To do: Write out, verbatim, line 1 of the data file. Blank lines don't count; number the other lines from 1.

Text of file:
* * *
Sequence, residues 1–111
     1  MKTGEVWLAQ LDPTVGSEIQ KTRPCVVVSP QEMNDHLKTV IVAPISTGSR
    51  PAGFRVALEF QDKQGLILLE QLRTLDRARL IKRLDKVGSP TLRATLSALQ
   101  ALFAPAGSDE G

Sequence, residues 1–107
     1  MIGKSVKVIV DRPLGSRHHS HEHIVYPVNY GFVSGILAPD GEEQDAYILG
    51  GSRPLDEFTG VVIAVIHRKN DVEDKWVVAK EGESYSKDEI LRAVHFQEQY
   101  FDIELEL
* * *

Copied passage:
Sequence, residues 1–111